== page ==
As if by disenchantment – And they lived unhappy and discontented review movie of Adam Shankman with Amy Adams, Patrick Dempsey, Maya Rudolph, Yvette Nicole Brown, Jayma Mays, Idina Menzel And James Marsden
Some spells go around for a very long time and then come back. The sentence is not exactly like that, but let’s pretend it is, because it describes the parable of very well As if by disenchantment -And they lived unhappy and discontented. A title – and a film – of considerable length, but which bring back the magic of the first As if by magic on the streaming platform Disney+.
Directed by Adam Shankman and with the script of Brigitte Halesthe sequel to As if by magic arrives after 15 years, gives us back the characters we loved, introduces us to new ones, mixes live action and animation and gives away new songs, some of which will enter your heart and Spotify library.
As if by disenchantment – And they lived unhappy and discontented: the plot
Giselle (Amy Adams) And Robert (Patrick Dempsey) have been happily married for 15 years and live in New York with his eldest daughter morgan (Gabriella Baldacchino) and the newest addition to the family, the little one Sophie. Because New York life has lost that magical and fairy-tale edge to Giselle, the whole family decides to move to a smaller and quieter place, where they can rediscover the lost magic. The choice falls on Monroeville, a delightful town where they settle. Adjusting to a new place is much harder than that Giselle images, especially, if there is one queen bee how Malvina Monroe (an amazing one Maya Rudolph) to manage the reins of the city.
And, when also with morgan relationships deteriorate, Giselle sees his dream of the perfect fade away happily ever after and decides to turn to the magic of Andalasiausing the wand of wishes to regain a “fairytale life“. But, what happens when your greatest desire turns you into your worst nightmare? In a tight race against time, Giselle will have to break the spell that she has cast, before her happy ending turns into a “and they lived forever unhappy and discontented.”
A game with fairy tale archetypes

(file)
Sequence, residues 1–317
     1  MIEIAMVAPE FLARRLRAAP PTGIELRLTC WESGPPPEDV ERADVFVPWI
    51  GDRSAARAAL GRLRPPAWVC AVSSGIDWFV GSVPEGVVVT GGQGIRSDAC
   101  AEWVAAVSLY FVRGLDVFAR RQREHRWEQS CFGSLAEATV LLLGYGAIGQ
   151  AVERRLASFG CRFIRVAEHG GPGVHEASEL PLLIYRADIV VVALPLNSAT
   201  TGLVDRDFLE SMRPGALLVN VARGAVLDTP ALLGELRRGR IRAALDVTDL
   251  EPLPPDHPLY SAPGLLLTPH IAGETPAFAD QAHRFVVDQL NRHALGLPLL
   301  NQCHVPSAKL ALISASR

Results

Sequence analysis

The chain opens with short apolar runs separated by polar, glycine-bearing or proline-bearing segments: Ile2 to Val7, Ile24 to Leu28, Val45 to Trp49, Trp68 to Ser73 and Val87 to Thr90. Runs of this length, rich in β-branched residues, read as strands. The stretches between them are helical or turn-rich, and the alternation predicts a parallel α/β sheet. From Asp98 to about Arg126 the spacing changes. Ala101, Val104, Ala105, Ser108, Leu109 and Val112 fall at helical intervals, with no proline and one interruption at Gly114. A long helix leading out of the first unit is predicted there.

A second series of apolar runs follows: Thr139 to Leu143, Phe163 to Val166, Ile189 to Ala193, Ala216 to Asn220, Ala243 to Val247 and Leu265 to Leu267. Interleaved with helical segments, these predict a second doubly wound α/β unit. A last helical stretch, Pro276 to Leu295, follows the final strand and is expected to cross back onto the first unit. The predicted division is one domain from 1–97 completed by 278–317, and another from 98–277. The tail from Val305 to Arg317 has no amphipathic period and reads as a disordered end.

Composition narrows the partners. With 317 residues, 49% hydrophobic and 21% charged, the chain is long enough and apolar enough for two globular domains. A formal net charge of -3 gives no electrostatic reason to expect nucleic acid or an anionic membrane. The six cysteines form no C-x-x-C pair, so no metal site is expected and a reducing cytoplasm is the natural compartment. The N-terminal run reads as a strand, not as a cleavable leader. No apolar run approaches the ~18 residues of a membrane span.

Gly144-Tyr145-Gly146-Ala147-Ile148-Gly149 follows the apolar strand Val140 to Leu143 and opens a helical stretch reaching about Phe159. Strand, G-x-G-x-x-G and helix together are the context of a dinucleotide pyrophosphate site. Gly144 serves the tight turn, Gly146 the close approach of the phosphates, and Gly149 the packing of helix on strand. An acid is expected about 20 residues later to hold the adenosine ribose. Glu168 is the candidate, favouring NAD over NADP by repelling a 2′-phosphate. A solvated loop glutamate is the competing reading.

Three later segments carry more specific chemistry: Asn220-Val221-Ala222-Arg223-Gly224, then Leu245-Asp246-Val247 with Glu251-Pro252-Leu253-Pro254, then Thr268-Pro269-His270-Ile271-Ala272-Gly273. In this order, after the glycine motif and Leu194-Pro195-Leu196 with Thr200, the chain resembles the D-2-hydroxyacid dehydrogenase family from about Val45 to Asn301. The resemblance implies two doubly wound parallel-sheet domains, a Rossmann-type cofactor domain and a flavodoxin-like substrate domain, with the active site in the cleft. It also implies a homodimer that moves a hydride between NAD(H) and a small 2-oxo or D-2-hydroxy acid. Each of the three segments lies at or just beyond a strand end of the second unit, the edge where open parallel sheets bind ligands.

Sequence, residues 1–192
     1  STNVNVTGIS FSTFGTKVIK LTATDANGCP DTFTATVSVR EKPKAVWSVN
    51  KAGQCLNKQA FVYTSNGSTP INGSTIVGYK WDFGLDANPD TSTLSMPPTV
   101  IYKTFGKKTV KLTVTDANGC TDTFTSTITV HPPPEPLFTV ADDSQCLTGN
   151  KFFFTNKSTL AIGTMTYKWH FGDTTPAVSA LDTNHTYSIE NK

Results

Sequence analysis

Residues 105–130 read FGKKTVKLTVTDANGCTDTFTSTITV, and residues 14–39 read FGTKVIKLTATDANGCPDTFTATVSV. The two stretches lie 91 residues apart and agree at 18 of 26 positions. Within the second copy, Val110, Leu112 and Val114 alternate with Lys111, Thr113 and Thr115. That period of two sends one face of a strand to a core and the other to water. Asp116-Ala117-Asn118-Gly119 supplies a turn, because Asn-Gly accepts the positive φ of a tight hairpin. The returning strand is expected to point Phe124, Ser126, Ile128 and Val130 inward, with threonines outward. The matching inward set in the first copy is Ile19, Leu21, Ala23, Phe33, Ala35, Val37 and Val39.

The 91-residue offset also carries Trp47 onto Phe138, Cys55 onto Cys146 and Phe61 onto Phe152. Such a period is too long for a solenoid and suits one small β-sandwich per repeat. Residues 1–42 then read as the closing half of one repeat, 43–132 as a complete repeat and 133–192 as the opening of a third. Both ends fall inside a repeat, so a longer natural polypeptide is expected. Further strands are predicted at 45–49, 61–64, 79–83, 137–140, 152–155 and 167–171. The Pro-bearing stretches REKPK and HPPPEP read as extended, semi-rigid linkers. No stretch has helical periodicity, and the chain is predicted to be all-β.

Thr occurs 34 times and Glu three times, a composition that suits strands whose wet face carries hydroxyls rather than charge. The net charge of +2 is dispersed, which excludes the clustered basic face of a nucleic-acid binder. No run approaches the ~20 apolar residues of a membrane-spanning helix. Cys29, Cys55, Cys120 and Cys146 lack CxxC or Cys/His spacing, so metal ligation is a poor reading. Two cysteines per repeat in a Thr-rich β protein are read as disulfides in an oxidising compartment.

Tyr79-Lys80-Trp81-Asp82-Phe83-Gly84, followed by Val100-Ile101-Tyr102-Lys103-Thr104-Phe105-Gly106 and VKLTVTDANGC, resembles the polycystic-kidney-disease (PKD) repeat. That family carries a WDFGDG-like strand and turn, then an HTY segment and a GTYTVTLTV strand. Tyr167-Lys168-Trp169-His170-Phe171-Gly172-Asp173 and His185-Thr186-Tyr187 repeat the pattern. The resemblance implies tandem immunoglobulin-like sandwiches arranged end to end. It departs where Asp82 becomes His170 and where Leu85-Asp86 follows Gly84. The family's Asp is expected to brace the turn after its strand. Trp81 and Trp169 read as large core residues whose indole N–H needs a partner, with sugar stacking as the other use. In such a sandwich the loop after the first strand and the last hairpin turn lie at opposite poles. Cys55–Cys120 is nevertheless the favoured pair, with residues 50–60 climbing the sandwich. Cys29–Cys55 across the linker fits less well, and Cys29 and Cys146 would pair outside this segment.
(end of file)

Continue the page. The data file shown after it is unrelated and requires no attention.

Brigitte Hales play with fairy tale archetypes to tell what happens after the book is closed and the magical phrase “and they lived happily ever after…was pronounced. The happy ending, for Giselle, has the bright and glossy colors of the world of Andalasia, towers, groves, fortresses, but not only that: it also has pre-established roles. What reassures us most in fairy tales is their cyclicality and familiarity: we know who the villain is, who the hero is, what they will have to face to get a happy ending. They reassure us because they are immutable, black and white, without shades. The exact opposite of our world. And it is on this that the screenwriter works, creating a story that skilfully puts her heroine in front of the choice between a packaged, glossy and polished happy ending (even in the photography), but reassuring, and something that is imperfect, however sometimes boring and gray, but that manages to warm the heart more than the sun.
Old and new faces for a modern Disney-style fairy tale
Like this, Giselle finds herself leaving behind the princess’s robes in search of true love – a sort of mythical golden past – and risks, following the logic of fairy tale archetypes, turning into her worst nightmare and ruining the relationship with her forever. morgan. The idea of bringing back the old cast proved to be successful, because the comic curtains between Patrick Dempsey And James Marsden they would not have had the same charm with other faces. And most importantly, we finally get a chance to see him sing Idina Menzel, which is always a guarantee. next to them, Maya Rudolph lend face and voice to Malvina Monroeto which we should assign the role of villainsbut that would be really trivial. Rudolph it’s an apt addition, thanks also to the expressiveness of his acting, of that sassy attitude which contrasts well with the naivety of Giselle.
To surround the story and characters there are, of course, the musical numbers, with the soundtrack of the Oscar winner Alan Menken and the lyrics of the award-winning Stephen Schwartz who already worked on the first one As if by magic. Splendid musical numbers, some certainly more successful (see, for example, Badger) of others, but in general, a riot of colors and costumes in full style Disney.
Alan Shankman manages, net of some smudges in the rhythm and excessive playing time, not to disappoint expectations, giving life to a Disney-like musical fairy tale with a modern flavor, in which the pre-established roles, the already tested dynamics are distorted and remodeled, to remember to the audience that the happy ending is just the beginning of a wonderful, imperfect story, yet to be told. And, if you feel like it, try counting the many easter eggs scattered throughout the film. You will have pleasant surprises.